The Power of “Boring” and The Danger of Boredom

<div class='at-above-post addthis_default_style addthis_toolbox at-wordpress-hide' data-title='The Power of “Boring” and The Danger of Boredom' data-url=''></div><div class='at-above-post-recommended addthis_default_style addthis_toolbox at-wordpress-hide'></div>You want to be taken seriously?  Or do you want people to notice your pants?<div class='at-below-post addthis_default_style addthis_toolbox at-wordpress-hide' data-title='The Power of “Boring” and The Danger of Boredom' data-url=''></div><div class='at-below-post-recommended addthis_default_style addthis_toolbox at-wordpress-hide'></div>

Dressing well is a means to an end.  Not the end.

Or is it?

For some, it’s the latter.  They’re so into style that it’s one of the main focuses of their life.  With that obsession comes the increased likelihood that they’ll burn out on standard, tried and true looks. They’re always looking for something new and different.  Every outfit always has to have something that pops.  Something that’ll help them stand out and grab some eyeballs as soon as they step in a room.

After awhile they end up looking awesome… only to those who are just as obsessed.   And they won’t be taken seriously by the vast swath in the middle.  They walk down the street and instead of wearing clothes that run but not walk, they’re a visual X-Games.  Nothing but flying motorcycles and street luge.  And it projects something about their priorities.  Often unfairly.

The world is not made up of guys leaving 100 comments a day on style message boards while instagraming their daily outfit combinations.

There is power in mastering what many in the extreme ends of the male style community would see as boring or uncreative.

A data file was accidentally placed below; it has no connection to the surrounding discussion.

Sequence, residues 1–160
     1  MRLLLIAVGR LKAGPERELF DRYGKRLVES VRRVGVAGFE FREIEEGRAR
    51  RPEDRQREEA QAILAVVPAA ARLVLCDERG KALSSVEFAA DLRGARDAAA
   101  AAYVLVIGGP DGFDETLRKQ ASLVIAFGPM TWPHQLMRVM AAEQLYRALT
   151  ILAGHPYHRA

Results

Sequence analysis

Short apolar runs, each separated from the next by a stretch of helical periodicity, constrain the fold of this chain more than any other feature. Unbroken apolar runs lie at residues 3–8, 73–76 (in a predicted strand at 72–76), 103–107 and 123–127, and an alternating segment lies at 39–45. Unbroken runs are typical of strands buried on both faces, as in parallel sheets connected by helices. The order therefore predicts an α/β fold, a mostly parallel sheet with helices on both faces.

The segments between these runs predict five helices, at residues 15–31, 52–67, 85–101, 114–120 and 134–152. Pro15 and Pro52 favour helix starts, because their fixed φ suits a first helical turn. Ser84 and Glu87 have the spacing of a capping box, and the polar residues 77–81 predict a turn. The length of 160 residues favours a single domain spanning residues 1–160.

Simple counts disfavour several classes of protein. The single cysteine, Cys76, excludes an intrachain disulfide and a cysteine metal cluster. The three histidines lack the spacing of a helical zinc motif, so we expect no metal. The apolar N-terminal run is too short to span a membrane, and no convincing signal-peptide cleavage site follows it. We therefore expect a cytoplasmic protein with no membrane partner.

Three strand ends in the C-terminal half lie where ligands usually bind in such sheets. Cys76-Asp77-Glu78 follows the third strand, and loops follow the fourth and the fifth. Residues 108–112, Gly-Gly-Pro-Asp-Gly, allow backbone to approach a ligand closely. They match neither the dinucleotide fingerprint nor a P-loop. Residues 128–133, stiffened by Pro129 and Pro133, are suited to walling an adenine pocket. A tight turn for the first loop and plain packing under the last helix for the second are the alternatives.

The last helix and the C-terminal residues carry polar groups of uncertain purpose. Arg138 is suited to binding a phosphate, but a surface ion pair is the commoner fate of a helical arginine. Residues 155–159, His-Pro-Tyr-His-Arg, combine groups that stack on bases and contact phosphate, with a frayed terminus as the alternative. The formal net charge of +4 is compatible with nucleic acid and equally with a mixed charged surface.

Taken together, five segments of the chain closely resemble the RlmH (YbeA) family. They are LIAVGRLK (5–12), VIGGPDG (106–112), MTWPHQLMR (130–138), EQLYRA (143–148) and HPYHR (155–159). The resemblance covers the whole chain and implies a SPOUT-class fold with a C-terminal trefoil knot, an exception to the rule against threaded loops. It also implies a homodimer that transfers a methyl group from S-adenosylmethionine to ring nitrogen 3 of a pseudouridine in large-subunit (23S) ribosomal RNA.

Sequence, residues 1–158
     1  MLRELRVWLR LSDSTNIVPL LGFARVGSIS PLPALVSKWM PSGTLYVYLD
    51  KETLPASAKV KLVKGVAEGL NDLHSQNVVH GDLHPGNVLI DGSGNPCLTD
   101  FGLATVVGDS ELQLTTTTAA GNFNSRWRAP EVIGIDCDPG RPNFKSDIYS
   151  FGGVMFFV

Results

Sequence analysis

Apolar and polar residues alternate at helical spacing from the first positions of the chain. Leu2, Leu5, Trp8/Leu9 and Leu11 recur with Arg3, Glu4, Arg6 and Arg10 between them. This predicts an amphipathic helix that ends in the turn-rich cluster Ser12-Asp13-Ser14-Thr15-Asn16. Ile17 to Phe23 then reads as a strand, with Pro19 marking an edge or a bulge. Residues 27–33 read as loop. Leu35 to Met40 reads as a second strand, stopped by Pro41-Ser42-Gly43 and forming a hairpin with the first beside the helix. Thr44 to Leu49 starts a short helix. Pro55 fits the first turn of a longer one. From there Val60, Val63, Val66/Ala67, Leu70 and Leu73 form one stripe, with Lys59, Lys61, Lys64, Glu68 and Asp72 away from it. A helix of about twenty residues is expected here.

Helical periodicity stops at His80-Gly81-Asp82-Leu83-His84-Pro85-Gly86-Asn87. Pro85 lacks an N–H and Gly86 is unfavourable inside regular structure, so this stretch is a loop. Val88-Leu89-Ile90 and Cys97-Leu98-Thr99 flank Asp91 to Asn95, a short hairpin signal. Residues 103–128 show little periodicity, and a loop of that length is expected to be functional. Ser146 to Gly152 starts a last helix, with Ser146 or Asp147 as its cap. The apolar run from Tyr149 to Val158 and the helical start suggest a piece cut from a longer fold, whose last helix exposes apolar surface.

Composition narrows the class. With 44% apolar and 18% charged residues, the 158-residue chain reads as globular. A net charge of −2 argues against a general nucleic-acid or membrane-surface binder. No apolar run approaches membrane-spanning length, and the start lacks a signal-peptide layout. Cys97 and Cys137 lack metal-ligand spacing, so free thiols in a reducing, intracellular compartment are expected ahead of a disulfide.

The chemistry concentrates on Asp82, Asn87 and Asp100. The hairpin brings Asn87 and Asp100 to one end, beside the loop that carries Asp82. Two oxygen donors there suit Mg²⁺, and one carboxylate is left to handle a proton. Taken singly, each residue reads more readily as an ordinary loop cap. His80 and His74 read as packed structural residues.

There is danger in allowing yourself to get bored with well fitting staples, only to become obsessed with standing out and/or being seen as stylistically different and cutting edge all the time.


“Been done.  Need something fresh” … “Martinis have been done.  You’d like an appletini perhaps?” 

It’s an easy trap to fall into.  We all get bored.  And after all those stylish discoveries we make along the path from beginner to well-versed, it feels strange to take your foot off the gas and… well… stop discovering quite as much.   Discovering is fun.  It feels good to look a little bit better than you thought you could.  But there reaches a point where you risk regression through hyper active pursuit.  Like the guy who decides he wants to get healthy, starts hitting the gym, and a few years later he’s lifting weights 3 times a day and doing steroids.

The means to the end, has become the end.

Are you dressing a little better than you have to because you like the way it makes you feel as you walk out the door on the way to get something done?  Or are you dressing a certain way in the hopes that someone takes notice and compliments you on your creativity and projection of individuality? Trying new things is good.  Trying new things all the time because you don’t want to be seen as the guy who’s not trying new things all the time… is not.

Find your rhythm. If it works, it works. Repetition does not necessarily lead to failure. See the value in standing out quietly.  Maintain perspective.  Is it really boring?  Or is it just boring in the eyes of a website or forum you might frequent?

Hail to the innovators, but has too much of a premium been placed on being different and immediately standing out? Leave it all in the comments below. (Top Photo: David Riggs)